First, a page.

Shady Hollow Garden Club – Camilla Lee

A nearby voice startles me. What are you two up to?” Neither of us had noticed Bitsy, who, on a morning walk, has been watching us from afar. It seems she’s always watching from afar. “Is this allowed in the handbook of Shady Hollow regulations? Residents picking flowers on the facility’s grounds? It’s a liability. ” She’s joking, of course. Or maybe not. In an edgy tone, she adds: “Adelaide, it didn’t take you long to settle into the garden club.”

David answers: “We’re doing this for the lobby flower arrangement. The lilacs are beautiful, and they smell good. Might as well use our resources, and save money.”

“What a clever idea,” Bitsy states flatly, without interest. Then continues her walk at a steady clip. As David and I walk back to the main entrance, we speak about our backgrounds in a limited way. I say to him: “How do you like living here? You passed up the men’s bridge group?”

“I like working with flowers. My ex-wife was a renowned flower designer in the garden club circuit. She won a lot of competitions. I learned from her. In fact, I started entering competitions on my own, after the divorce, and did well, and that made me smugly happy.”

“That’s one good outcome from a divorce,” I add, curious to know more. Maybe another time. “Here we are, the end of the trail.”

Now reaching the building, David and I slowly pass through the whooshing doors, allowing a man pulling a bag of golf clubs to go ahead of us.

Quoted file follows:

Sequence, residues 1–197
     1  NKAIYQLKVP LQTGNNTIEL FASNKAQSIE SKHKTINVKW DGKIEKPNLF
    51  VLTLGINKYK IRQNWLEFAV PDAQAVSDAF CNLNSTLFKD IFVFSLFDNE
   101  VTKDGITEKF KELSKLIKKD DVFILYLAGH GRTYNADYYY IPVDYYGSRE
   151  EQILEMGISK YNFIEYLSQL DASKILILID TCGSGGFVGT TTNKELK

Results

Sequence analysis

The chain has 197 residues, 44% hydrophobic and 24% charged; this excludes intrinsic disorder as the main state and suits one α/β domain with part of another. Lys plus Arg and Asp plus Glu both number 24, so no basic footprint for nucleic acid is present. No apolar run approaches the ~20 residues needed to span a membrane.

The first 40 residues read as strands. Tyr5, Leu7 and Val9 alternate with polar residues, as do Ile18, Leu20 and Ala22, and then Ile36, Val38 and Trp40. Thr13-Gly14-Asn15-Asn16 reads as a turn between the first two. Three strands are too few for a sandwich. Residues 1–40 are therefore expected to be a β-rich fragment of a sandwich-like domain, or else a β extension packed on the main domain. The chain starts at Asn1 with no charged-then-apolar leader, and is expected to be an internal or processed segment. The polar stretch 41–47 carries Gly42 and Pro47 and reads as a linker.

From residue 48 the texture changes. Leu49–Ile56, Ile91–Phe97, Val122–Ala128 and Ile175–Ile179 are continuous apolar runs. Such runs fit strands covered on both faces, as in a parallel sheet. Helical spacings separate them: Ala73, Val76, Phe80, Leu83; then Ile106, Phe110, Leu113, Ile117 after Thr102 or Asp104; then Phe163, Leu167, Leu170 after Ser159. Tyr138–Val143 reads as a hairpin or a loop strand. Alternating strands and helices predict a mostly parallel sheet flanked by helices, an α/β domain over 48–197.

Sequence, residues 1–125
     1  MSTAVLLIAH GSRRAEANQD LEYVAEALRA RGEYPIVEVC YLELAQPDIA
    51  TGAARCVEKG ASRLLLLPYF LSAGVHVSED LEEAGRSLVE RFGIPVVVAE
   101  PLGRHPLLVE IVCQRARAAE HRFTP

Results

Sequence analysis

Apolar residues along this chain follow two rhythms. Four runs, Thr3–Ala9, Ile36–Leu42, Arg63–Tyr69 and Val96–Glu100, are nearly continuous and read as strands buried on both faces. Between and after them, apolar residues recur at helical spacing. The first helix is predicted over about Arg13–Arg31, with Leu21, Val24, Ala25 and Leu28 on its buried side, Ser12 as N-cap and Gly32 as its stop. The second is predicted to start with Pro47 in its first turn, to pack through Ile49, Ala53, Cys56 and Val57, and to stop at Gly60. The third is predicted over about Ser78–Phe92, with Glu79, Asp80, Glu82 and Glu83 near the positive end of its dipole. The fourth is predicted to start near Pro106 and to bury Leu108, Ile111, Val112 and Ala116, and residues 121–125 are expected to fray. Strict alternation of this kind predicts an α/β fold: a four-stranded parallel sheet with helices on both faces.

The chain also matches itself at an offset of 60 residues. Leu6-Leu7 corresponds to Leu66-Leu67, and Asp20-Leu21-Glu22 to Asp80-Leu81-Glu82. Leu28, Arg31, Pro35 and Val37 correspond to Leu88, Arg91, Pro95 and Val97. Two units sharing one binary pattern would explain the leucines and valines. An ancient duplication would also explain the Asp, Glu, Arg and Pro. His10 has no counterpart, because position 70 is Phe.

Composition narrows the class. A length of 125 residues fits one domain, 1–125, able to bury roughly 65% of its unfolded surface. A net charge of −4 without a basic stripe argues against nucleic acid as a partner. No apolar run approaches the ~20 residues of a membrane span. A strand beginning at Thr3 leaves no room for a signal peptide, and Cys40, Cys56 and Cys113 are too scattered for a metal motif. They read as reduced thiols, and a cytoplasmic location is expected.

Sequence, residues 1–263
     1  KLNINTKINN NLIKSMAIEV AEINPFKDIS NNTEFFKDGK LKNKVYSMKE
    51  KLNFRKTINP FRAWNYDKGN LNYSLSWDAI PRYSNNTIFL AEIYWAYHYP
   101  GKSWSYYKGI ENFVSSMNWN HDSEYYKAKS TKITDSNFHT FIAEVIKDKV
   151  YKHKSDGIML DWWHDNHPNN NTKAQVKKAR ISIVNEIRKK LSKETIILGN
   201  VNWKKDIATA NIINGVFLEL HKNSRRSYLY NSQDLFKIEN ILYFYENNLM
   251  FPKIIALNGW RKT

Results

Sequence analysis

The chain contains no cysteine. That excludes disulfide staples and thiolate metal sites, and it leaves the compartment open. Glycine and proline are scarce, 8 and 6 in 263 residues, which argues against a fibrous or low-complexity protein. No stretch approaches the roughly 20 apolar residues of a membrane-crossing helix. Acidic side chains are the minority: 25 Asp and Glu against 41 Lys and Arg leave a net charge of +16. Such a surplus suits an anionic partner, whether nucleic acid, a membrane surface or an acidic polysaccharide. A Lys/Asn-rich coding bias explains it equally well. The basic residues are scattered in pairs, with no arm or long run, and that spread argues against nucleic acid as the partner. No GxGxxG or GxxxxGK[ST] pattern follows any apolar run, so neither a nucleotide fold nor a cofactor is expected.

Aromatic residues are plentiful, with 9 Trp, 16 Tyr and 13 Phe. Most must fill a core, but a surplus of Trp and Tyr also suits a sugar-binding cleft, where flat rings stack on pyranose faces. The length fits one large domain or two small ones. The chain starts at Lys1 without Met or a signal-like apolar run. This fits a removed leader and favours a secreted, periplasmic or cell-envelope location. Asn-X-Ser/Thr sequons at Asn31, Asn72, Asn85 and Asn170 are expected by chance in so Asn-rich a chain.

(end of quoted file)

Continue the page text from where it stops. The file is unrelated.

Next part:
“What beautiful flowers!” the receptionist calls. “I can smell them from here.”

“Yes, the lilacs are amazing this time of year,” David replies.

The crafts room is empty. I switch on the overhead lights, while David lays the lilacs on a work table. There are plenty of flower vases above the sink. At the craft end Marianne’s decoupage tray has been left out to dry. I take a closer look; pictures from her childhood, with siblings, parents, grandparents, dogs. I think that’s Marianne on the beach, dark hair, and a pail and shovel. It’s the frown that gives her away. Perhaps she didn’t like being interrupted from her sandcastle project. The pictures on the tray are randomly placed, this way and that. I admire Marianne’s imagination; the precision with tweezers takes skill. Back by the sink, David brings down from a high shelf the tallest vase, and we start working. Arranging lilacs is not easy, as the stems are woody and have tough outshoots, making the blossoms hard to control, but David knows what he’s doing. He has an eye for balance and shape.

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  1. Barbara Crouchley says:

    Camilla’s quiet humor and her observant eye make all these characters real and familiar. And her simple sentences laced with such wit ( between the isobars my mind also wanders). Love reading her short stories. Thank you for publishing this….. I’ll see you there but not in the garden club!

  2. isabel Goff says:

    Loved the story Camilla. Thanks. Izzy

  3. Sarah Lee says:

    Great short story! Love the setting and characters. They were all very well developed. I could smell the lilacs!

  4. Freya says:

    Brilliant! Perfect! Spot on! More!

  5. Perfect!! LEE’s timing is spot on. She never lingers too long nor hammers hard on the surprises. Didn’t want the story to end…more PLEASE from this gifted, wry, insightful writer!

  6. MaryEthel Stack says:

    I can hear your voice, Camilla. Glad you can write so positively about community living. Hope you are going to stay in your big, old house. Enjoyed this story.

  7. Judy Taft says:

    Wonderful story by Camilla Lee. She has a seemingly effortless style, a slightly wicked sense of humor, and spot on-observations about people, in this case, the inhabitants of a retirement home.Would love to read more of her work!

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